We Know The Way - Opetaia Foa’i, Lin-Manuel Miranda | Mauna Kea, Big Island of Hawaii.


I’m painstakingly making my way up the side of Mauna Kea, the tallest volcano in Hawaii. Most people take the little service road up via car but I wanted to hike it myself. The sun is blazing overhead and there isn’t a single cloud above. There’s nobody on this trail and it looks like I’m on the moon. There are no signs of life around me, no plants, just volcanic rocks littering the landscape. Every step I take I sink and slide backwards on the loose gravel and I’m dreading the steeper parts where I’m going to sink and slide back farther than the steps I take. Progress up the mountain is excruciating and slow, shade is non-existent, the altitude is giving me a headache. I only had two thoughts: 1.) This is the hardest hike of my life but I need to keep going and make it up and then get back down before the sun sets; 2.) I can’t believe I’m here, on Mauna Kea, in the middle of the Pacific Ocean, hiking this right now.


You Raise Me Up - Josh Groban | Mount Fuji, Japan


I’m walking along empty streets in a small town north of Mt. Fuji. I just checked out of my hostel and decided to change my plans last minute and take a detour into the middle of Japan towards Takayama instead of going south to Kyoto/Osaka as I originally planned. Mt. Fuji dominates the sky right in front of me as I’m walking up the hilly street. The mountain looks like it’s painted onto the sky instead of real. It is stunningly symmetrical and dons a deep snow cap that extends well over halfway down the mountain. Framing the mountain and the sky are little homes and patches of dirt along the sides of the road where yellow wheat-like grass have overgrown and are gently swaying in the wind. The only thought I had was that I couldn’t believe that I was there: in a little town in the middle of Japan, strolling down a residential street in the early morning, thousands of miles from home, and also there’s just Mt. Fuji right in front me.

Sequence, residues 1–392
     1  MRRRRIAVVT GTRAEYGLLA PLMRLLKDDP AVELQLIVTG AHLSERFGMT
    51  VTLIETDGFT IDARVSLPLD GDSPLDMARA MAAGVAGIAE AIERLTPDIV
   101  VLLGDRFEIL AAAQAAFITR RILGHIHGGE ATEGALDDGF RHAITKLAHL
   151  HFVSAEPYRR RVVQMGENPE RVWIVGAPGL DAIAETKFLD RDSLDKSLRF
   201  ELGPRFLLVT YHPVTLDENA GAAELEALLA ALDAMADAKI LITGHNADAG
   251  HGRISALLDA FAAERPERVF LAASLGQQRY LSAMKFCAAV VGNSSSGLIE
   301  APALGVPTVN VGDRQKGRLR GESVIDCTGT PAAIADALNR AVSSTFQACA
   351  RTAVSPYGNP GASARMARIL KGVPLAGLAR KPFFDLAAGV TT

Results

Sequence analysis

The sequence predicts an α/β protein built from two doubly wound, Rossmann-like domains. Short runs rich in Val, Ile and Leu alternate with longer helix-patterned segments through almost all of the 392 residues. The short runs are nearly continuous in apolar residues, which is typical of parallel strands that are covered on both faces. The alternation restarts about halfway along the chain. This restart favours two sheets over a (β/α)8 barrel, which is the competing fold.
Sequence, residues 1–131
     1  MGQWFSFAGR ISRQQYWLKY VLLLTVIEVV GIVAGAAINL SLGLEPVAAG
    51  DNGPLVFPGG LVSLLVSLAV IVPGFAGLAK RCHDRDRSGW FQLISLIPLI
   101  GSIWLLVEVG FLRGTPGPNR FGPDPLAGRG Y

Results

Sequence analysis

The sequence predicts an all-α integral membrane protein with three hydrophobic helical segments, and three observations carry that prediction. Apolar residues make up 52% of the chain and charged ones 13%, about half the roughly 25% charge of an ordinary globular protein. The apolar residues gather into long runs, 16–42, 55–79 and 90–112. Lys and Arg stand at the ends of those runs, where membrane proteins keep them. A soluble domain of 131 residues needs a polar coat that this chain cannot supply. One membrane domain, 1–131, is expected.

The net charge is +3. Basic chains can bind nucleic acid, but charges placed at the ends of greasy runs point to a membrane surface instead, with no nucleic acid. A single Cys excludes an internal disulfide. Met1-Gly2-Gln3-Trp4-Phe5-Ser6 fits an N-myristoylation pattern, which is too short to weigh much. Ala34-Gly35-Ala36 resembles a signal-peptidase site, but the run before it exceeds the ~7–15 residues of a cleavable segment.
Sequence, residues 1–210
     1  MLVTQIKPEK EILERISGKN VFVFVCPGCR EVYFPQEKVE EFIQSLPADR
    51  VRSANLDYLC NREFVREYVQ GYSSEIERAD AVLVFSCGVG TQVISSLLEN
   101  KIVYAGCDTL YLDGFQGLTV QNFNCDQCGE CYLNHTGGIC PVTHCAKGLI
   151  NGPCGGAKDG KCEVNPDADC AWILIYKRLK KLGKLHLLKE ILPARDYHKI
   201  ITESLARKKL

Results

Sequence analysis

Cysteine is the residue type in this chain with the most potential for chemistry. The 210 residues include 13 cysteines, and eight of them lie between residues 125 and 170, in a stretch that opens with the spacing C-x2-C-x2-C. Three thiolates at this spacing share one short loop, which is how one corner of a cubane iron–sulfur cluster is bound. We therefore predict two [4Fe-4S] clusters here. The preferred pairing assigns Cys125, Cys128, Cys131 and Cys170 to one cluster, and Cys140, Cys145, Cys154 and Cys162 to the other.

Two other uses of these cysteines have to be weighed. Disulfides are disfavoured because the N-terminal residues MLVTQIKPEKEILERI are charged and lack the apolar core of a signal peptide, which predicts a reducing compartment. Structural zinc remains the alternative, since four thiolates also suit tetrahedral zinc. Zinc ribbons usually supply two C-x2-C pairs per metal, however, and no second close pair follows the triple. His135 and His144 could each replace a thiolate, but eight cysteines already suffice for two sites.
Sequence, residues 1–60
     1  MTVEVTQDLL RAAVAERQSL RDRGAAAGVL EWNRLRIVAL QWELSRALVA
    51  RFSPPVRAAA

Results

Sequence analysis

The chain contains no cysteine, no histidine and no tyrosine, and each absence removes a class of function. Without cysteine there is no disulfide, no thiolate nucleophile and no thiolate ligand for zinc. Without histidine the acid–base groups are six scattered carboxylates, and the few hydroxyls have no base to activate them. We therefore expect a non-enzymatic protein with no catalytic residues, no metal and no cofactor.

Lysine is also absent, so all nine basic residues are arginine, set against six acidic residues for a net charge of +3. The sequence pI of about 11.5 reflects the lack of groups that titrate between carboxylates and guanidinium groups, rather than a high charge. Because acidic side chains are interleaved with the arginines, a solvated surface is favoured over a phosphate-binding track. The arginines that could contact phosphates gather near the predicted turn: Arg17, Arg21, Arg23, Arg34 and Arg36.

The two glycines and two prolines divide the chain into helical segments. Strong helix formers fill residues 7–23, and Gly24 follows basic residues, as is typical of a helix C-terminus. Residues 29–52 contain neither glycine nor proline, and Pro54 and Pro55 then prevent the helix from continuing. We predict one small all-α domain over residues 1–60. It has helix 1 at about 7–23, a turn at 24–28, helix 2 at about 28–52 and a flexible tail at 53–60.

Contact - Lulleaux, Giang Pham | Shanghai, China


I’m walking through the streets of a residential district in Shanghai with a skip in my step, happy for no reason. The sky is gloomy and cloudy as it has been for weeks now, and I’m just glancing around at all the little shops along the street and watching people make their way up and down the busy alley. I come across my favorite little street food stall where it’s just a happy old couple selling food out of their window. I get two of their crepe-like wraps and keep bounding down the street with one in each hand feeling like a little kid. All I could think about was that I couldn’t believe I was here, just living and doing normal stuff on the opposite side of the world.


The banner photo is one that I took inside of a greenhouse I found by a snowy beach in Hakodate, Japan. Completely irrevelant to the topic, I just liked how it looked with the article :)

Share Comments